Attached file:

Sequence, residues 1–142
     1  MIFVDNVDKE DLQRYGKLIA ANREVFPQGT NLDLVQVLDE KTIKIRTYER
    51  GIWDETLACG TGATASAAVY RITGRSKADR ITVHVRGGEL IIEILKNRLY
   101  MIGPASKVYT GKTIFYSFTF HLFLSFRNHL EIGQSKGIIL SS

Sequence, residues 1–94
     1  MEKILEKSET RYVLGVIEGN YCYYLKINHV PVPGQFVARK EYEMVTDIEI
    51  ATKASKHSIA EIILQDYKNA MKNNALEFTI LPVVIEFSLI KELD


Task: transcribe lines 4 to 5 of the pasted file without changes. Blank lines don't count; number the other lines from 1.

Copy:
   101  MIGPASKVYT GKTIFYSFTF HLFLSFRNHL EIGQSKGIIL SS

Sequence, residues 1–94